I never met an eggplant parm I didn’t like. No but really… who wouldn’t love a vegetable that’s breaded, fried, and covered in sauce with copious amounts of cheese? The best part is that you can either eat the eggplant parm by itself in a dish, or you can throw it on a sandwich. Its perfect for vegetarians (and non-vegetarians) who can't each chicken parm.
I've been eating eggplant parm since I was a little kid and it never let me down. You can easily multiply this recipe and make a big batch for dinner. Then you'll have a bunch of leftovers for lunch (or even a snack) throughout the week.
- 2 large eggplants, peeled and sliced lengthwise (about 1/4 inch thick) (See Notes)Line a baking sheet with a single layer of paper towel, and then place as many eggplant slices on the paper towel that will comfortably fit without overlapping. Season with a generous pinch of salt, then cover the eggplant slices with a paper towel. Then add another level of eggplant on top of the paper towel, season with salt, and then cover again with paper towel. Repeat these steps until all the eggplant slices are stacked.
- 4 large eggs, whisked
- Italian seasoned breadcrumbs
- Neutral oil for frying, or olive oil/olive oil spray for baking
- 4 to 6 cups tomato sauce (about 1 to 1/2 quarts)
- 4 cups low moistures mozzarella, grated
- Freshly grated parmigiana
- Basil for garnishing
- Line a baking sheet with a single layer of paper towel, and then place as many eggplant slices on the paper towel that will comfortably fit without overlapping. Season with a generous pinch of salt, then cover the eggplant slices with a paper towel. Then add another level of eggplant on top of the paper towel, season with salt, and then cover again with paper towel. Repeat these steps until all the eggplant slices are stacked.
- Once stacked, let the eggplant rest for 15 to 20 minutes to draw out as much moisture as possible. After the time has passed, remove the eggplant slices making sure you pat each slice completely dry.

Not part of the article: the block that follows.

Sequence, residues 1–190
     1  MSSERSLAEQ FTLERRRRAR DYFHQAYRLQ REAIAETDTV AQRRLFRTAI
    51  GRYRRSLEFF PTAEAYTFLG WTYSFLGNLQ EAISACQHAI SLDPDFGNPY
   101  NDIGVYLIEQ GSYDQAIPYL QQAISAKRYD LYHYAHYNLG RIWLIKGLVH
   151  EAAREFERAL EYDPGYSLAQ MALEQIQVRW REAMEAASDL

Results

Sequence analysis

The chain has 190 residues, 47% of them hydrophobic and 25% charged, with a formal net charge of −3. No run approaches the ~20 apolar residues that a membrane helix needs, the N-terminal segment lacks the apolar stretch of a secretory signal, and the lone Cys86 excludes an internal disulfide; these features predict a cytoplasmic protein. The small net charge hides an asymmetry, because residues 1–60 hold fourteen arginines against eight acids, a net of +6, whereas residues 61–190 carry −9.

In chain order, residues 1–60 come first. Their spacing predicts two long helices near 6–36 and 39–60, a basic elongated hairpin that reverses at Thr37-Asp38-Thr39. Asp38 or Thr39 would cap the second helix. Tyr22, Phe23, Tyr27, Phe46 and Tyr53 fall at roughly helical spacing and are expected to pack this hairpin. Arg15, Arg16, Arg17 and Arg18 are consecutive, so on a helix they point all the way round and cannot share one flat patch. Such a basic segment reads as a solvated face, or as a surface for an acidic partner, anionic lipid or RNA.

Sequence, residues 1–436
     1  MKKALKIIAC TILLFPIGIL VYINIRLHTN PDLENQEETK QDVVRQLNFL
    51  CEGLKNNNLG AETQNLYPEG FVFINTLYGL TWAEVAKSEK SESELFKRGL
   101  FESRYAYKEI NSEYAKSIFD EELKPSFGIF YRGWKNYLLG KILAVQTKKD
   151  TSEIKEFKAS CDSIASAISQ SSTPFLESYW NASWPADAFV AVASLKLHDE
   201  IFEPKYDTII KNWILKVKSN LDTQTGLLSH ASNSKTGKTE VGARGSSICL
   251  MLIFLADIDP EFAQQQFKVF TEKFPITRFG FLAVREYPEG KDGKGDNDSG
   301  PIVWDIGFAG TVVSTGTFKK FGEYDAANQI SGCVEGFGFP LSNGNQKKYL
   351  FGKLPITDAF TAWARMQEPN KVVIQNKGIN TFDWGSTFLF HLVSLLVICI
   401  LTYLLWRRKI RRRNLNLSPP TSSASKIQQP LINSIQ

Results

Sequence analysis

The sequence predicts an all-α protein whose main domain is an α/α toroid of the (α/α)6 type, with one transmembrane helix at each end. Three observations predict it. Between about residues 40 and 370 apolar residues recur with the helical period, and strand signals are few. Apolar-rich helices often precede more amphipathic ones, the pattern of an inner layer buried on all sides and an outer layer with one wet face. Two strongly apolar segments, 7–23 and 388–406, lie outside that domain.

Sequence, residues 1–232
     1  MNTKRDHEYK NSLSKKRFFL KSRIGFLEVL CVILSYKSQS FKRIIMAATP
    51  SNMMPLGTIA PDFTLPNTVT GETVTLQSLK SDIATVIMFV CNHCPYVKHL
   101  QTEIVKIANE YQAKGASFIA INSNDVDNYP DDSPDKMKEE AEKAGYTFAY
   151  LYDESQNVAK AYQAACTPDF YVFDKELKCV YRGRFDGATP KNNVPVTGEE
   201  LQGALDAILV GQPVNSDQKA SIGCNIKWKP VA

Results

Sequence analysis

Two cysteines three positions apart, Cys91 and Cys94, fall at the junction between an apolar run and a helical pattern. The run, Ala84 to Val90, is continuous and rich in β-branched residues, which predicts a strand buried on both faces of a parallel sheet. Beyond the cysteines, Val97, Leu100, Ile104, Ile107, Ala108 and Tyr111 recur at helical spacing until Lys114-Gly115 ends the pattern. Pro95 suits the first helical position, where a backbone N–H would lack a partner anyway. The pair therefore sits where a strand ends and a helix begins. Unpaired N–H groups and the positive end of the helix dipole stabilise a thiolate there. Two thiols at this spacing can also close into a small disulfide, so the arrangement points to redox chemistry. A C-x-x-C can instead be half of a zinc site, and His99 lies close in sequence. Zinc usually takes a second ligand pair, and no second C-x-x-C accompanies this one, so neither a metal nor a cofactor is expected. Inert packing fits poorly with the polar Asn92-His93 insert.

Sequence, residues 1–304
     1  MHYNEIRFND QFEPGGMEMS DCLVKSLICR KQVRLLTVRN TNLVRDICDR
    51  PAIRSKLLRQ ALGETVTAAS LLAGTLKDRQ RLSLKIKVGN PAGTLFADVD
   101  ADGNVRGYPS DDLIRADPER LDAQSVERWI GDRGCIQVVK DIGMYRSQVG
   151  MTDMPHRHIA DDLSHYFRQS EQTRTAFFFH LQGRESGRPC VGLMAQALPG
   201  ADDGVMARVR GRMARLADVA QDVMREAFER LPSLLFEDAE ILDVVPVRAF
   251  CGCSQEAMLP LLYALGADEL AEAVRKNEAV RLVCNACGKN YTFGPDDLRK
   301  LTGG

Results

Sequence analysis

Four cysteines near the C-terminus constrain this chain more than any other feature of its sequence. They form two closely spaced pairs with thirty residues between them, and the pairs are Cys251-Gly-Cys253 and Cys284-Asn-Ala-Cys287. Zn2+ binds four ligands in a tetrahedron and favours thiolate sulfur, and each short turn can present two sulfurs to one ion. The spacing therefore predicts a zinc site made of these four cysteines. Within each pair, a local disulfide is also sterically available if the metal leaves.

- If you're baking your eggplant, preheat your oven to 425º, otherwise follow step 5.
- Set up a dredging station with your eggs and seasoned breadcrumbs. Dip each eggplant slice in the egg, and then dredge in the breadcrumbs (See Notes).
- FRYING EGGPLANT: Heat a 1/2 inch of oil in a heavy bottom high-wall skillet. Once the oil is hot and shimmering (about 350º), fry the eggplant in batches until they're golden brown and crispy (about 1 to 3 minutes per side, depending on thickness). Once done, transfer to a paper towel lined baking sheet, season with salt, and set aside.
- BAKING EGGPLANT: Carefully place the breaded eggplant on the baking sheets lined with a wire rack (See Notes). Spray with olive oil spray, and bake until golden brown and crispy (about 15 to 20 minutes depending on thickness). Once the eggplant are cooked, remove them from the oven and set aside.
- Lower, or preheat your oven temperature to 350º
- Cover the bottom of a 9x13 baking dish with an even layer of tomato sauce (about 1/2 to 1 cup of sauce). Arrange the eggplant on top of the sauce in a single layer. Top the eggplant with tomato sauce, copious amounts of mozzarella, and freshly grated parmigiana. Repeat with the remaining eggplant, mozz, and parm (See Notes)
- Once you completed all the layers, drizzle with a little olive oil and bake at 350º for 15 to 20 minutes. Once done, let the eggplant parm rest for 10 minutes otherwise it might be watery.
- Using a Mandoline will help get even cuts. If you're baking in a rectangle/square baking dish, cut the eggplant lengthwise so they're long slices. If you're baking in a round dish, cut the eggplant from front to back so you have round slices.
- Flour is optional. If you decide/want to use flour, dredge the eggplant in the flour before you dip them in the eggs.
- If you don't have a wire rack, line the baking sheet with parchment paper. However, you'll want to flip the eggplant halfway through cooking.
- Depending on the size of your baking dish, and how thick you cut the eggplant, you will need to eyeball how much sauce and mozz to add to each layer. Add enough so it's not dry, but don't add to much to where you won't have enough sauce and/or mozz for later layers.